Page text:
9. The method of claim 1, wherein the plurality of safety operations include at least one of automatically steering the vehicle, automatically braking the vehicle, reducing a speed of the vehicle, turning on emergency warning lights on the vehicle, honking a horn on the vehicle, turning on a radio in the vehicle, increasing a volume of the radio in the vehicle, initiating a call to an emergency response service, moving an operator's seat in the vehicle,
10. The method of claim 1, wherein the plurality of emergency situations includes at least one of an operator having a stroke, an operator having a seizure, and operator having a heart attack, and an operator having fallen asleep.
11. The method of claim 1, wherein the subset of safety operations for the particular emergency situation identifies an order in which the safety operations within the subset of safety operations are to be performed, and wherein the safety operations, in the subset of safety operations, are applied to the vehicle control module in the order specified by the subset of safety operations.
12. The method of claim 1, wherein the subset of safety operations for the particular emergency situation identifies timing information for timing when the safety operations within the subset of safety operations are to be performed, and wherein the safety operations within the subset of safety operations are applied to the vehicle control module in accordance with the timing information.
13. The method of claim 1, wherein the receiving, performing and automatically applying steps are performed in response to at least one of a measurement of a vehicle operational parameter and a measured operator parameter indicating a need to determine if an emergency situation is present or imminent.
14. A system for automatically controlling an operation of a vehicle, comprising:
means for receiving facial expression input from an image pickup device, wherein the facial expression input includes images of an operator of the vehicle;
means for performing facial expression recognition on the facial expression input to identify a particular type of emergency situation from a plurality of possible emergency situations; and
means for automatically applying a subset of safety operations, from a plurality of safety operations, to a vehicle control module, corresponding to the particular type of emergency situation identified by the facial expression recognition, to thereby control the operation of the vehicle.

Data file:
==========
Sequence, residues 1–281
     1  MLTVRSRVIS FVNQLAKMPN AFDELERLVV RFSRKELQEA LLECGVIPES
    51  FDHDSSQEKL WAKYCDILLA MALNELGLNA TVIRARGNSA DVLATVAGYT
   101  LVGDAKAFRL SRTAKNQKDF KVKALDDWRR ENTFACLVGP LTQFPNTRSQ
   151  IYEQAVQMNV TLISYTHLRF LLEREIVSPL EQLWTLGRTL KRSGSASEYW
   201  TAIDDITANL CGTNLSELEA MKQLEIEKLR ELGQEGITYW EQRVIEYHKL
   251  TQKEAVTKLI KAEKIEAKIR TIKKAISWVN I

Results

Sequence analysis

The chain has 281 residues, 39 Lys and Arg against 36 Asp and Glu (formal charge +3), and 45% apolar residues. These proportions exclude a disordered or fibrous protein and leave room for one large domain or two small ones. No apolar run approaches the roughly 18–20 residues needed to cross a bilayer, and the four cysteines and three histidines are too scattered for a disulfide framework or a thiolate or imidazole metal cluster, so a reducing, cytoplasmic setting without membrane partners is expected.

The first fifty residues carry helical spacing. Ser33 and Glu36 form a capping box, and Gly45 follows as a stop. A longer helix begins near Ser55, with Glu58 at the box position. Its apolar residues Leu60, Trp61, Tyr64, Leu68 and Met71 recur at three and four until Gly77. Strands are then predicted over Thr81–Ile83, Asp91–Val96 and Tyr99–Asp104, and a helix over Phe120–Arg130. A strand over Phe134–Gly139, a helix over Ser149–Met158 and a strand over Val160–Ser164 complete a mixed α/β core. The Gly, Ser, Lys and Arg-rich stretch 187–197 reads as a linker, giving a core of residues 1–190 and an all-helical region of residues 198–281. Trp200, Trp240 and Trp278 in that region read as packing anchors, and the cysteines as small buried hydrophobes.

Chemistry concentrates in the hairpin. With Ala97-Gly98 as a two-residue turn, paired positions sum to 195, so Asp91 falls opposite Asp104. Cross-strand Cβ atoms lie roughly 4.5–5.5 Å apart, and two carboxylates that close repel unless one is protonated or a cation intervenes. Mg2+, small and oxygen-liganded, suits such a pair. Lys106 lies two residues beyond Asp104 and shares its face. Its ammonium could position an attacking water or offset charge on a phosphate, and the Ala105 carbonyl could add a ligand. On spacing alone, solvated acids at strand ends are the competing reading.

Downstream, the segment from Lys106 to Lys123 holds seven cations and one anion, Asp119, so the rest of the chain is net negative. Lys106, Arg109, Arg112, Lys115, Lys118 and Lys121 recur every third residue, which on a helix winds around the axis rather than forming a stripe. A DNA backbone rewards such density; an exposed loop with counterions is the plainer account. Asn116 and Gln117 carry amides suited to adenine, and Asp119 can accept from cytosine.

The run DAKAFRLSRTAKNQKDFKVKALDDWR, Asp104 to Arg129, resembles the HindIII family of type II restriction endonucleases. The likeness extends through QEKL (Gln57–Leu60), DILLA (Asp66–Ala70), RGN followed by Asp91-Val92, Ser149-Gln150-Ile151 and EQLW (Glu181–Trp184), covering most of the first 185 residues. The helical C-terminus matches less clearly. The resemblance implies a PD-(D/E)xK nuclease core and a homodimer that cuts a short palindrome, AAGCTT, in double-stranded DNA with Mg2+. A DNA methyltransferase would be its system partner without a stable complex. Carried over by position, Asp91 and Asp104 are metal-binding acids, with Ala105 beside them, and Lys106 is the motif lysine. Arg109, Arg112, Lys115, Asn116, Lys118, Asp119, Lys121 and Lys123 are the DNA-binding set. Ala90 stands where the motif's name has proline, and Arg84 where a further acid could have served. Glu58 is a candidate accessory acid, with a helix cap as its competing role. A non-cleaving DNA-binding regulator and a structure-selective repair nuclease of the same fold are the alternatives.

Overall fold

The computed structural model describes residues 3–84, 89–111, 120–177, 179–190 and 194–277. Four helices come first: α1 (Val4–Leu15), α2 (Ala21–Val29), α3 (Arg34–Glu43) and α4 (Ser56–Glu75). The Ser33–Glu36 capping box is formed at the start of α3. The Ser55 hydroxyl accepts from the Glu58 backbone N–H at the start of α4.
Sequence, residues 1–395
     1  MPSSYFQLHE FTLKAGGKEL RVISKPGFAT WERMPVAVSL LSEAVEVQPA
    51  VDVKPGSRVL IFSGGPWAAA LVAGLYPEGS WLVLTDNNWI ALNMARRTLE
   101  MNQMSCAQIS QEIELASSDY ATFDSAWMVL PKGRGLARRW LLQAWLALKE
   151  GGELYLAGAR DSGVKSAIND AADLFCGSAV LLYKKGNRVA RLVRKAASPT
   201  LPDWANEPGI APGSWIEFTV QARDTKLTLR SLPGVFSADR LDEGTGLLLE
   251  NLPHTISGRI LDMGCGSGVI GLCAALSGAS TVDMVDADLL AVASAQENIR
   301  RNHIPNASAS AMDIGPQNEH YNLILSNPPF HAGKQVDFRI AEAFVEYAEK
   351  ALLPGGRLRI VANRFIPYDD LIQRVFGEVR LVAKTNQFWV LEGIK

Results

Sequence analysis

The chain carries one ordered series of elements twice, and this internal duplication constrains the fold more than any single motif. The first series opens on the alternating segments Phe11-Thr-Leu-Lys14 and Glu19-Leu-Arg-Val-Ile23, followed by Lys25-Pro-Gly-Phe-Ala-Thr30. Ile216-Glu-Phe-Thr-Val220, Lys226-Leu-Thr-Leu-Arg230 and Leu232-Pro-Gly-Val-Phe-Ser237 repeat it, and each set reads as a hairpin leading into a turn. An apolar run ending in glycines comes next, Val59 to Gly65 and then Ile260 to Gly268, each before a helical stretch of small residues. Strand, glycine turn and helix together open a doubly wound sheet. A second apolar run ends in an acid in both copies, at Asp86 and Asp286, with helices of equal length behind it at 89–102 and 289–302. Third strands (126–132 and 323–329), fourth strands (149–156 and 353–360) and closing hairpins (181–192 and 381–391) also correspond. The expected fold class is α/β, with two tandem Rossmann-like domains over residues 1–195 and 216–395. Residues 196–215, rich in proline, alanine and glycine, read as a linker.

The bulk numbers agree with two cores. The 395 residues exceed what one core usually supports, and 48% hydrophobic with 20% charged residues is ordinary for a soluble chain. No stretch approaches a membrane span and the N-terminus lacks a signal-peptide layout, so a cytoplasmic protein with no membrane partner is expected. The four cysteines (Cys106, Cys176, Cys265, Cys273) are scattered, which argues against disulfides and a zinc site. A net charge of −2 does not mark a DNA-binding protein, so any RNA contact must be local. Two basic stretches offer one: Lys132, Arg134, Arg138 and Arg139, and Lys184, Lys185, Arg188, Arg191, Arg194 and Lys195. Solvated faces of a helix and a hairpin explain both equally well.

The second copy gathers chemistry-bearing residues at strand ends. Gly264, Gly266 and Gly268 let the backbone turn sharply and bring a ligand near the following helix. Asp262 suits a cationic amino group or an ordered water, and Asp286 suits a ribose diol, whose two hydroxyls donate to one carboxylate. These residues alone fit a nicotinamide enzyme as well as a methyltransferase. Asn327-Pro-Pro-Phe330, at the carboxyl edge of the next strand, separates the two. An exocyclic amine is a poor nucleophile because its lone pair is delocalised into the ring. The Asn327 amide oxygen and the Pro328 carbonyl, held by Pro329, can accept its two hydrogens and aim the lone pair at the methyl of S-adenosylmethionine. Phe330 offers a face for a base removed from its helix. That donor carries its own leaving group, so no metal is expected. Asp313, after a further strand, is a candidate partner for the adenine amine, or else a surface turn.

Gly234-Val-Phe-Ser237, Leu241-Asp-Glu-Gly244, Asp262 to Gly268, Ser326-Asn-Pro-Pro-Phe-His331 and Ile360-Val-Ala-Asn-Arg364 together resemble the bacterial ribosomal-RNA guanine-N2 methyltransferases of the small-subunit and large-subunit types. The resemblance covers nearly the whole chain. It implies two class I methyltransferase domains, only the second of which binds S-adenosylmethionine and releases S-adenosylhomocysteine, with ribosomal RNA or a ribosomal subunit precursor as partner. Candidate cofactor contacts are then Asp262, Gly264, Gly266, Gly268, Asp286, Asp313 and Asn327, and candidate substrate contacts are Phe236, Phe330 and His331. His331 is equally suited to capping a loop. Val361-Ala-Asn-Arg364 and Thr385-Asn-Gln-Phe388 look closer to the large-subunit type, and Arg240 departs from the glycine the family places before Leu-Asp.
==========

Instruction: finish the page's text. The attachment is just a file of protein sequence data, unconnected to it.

15. The system of claim 14, wherein the means for performing facial expression recognition on the facial expression input includes:
means for obtaining at least one baseline image of the operator;
means for comparing the facial expression input to the at least one baseline image of the operator;
means for determining differences between the facial expression input and the at least one baseline image of the operator; and
means for comparing the differences to operator state profiles to determine a state of the operator and an emergency situation of the vehicle.
16. The system of claim 15, wherein the baseline image is obtained in response to detection of ignition of the vehicle.
17. The system of claim 14, wherein the means for performing facial expression recognition on the facial expression input to identify a particular type of emergency situation from a plurality of possible emergency situations, includes:
means for determining if the operator is in an incoherent state; and
means for determining a particular incoherent state of the operator based on differences between the operator's facial features in the facial expression input and at least one baseline image of the operator, if the operator is determined to be in an incoherent state.
18. The system of claim 14, wherein the plurality of safety operations include at least one operation for automatically notifying persons exterior to the vehicle, yet in the vicinity of the vehicle, of the emergency situation.
19. The system of claim 14, wherein the plurality of safety operations include at least one operation for automatically attempting to bring the operator out of an incoherent state.
20. The system of claim 14, wherein the plurality of safety operations include at least one operation for automatically notifying remotely located emergency response personnel of the emergency situation.
21. The system of claim 20, wherein the at least one operation for automatically notifying remotely located emergency response personnel of the emergency situation further includes at least one operation for automatically notifying the remotely located emergency response personnel of a location of the vehicle.